Here in America we want convenience on all things: our food, our dry cleaning, and our entertainment. The latest trend lately is through the “minute clinic” where a person can get a quick diagnosis and prescription in a small “physician’s like” office at the local drug store. Health care was never intended to be aligned with the fast food industry and currently this industry is now adjusting its role to accommodate the needs of its public rather than serve the individual’s needs, here is why this is a dangerous trend;
Diagnosis of the Body Requires Proper Examination
The pressure to receive a prescription immediately causes an abbreviation of the examination process. The danger of the “minute diagnosis” is that your symptoms may be imitating something completely different than what you are feeling right now. For example, a minor heart attack may initially feel like a chest cold to most individuals. A health care professional cannot accurately tell what is going on with your health without a regular routine exam process to monitor blood pressure, blood work and record your body’s functioning over a period of time. Additionally, a complete examination process may reveal certain cancers or diseases, but that depends on the health care provider’s expertise in knowing what to look for through the examination process.
Reducing Cost In Healthcare Personnel: Would you like fries with that order?
Convenience also has its strong negative drawbacks, including the professional who is serving your medical needs. Currently “minute clinics” will hire Family Nurse Practitioners to serve in the physician’s role. Although these nurses earn their master’s degree in nursing, it is important to point out the qualifications and educational requirements of a physician versus a nurse is an obvious distinction. Additionally, your quality of health may have also been “downsized” to the very people that are working in the healthcare industry. Think that is a nurse giving you a shot? Think again! Think that is a licensed phlebotomist taking your blood? Think again! Any business, including the health care industry, considers cost when hiring the professionals that work for them; this includes the nurses and other professionals that assist the physician. The latest trend is also moving away from hiring nurses who spend anywhere from two to four years to earn their degree; who expect a salary that reflects both their experience and knowledge in the health field. A nurse may expect a salary of $15- $19 per hour, while a medical assistant (with a year of certification) is perfectly happy to accept $8- $10 to work in the same capacity. Similarly, the person who is drawing your blood may not be certified to do so, one of the most alarming secrets of the health care industry is that a phlebotomist does not have to be licensed in most states. This trend of hiring a cheaper, less qualified work force can evolve into increased mistakes for the patient, a chance that the physician or health care provider is willing to sacrifice (on your behalf) to make a profit.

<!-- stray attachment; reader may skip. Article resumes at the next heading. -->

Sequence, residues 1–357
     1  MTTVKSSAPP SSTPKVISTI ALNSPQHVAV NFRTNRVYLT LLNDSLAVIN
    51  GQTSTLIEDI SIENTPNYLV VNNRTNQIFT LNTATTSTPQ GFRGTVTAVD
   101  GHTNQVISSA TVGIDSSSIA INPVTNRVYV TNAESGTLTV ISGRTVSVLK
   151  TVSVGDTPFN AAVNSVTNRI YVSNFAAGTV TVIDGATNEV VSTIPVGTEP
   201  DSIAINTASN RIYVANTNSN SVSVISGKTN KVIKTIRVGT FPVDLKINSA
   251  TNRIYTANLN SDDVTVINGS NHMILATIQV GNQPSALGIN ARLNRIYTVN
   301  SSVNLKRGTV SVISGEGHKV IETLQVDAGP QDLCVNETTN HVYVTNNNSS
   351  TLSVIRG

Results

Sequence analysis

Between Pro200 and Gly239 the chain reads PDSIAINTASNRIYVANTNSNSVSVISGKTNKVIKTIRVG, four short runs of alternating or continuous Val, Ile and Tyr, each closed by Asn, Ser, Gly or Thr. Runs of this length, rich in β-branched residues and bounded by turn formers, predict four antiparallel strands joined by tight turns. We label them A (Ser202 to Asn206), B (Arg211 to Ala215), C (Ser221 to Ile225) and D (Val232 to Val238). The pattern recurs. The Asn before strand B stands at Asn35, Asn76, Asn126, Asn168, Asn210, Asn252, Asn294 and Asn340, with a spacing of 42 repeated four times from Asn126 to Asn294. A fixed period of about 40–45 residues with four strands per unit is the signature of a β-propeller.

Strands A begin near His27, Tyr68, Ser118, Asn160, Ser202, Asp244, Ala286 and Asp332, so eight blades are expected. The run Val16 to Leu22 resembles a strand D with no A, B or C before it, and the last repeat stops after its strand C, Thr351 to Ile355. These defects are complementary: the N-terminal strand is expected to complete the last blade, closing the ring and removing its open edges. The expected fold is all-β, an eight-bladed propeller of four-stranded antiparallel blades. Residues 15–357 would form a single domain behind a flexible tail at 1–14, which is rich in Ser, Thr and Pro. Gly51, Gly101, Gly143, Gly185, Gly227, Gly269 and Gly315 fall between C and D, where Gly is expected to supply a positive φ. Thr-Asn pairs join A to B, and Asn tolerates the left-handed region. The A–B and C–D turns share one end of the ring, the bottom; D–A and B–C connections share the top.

Be the Consumer and Advocate for Your Rights for Effective Care
The health care industry regards the patient as a consumer and you (as the client) have a right to demand the best care possible for you and your family. Refuse to subscribe to the concept of an “instant diagnosis” for you and your family’s health care. Ask your physician as many questions as possible and demand a proper examination. In addition to “downsizing” the workforce that cares for your needs, the physician also has a time limit on sitting with you in the examination process. Another little known fact is that the schedule only allows for only minutes per patient in the physician’s clinic. Remember, it is impossible for any health care professional to accurately diagnose within minutes of meeting the patient without a complete examination. Additionally, if the physician is unwilling to take the amount of time needed to listen to your questions and symptoms, then “fire” him and “hire” a professional who will! Your right as the consumer is to demand the best care possible and to have a physician who will attend to you and your family’s needs. Ask the necessary questions, make certain that the professional(s) is qualified, and do not accept the concept of a “minute diagnosis” for your symptoms. Your health may very well dependent on it!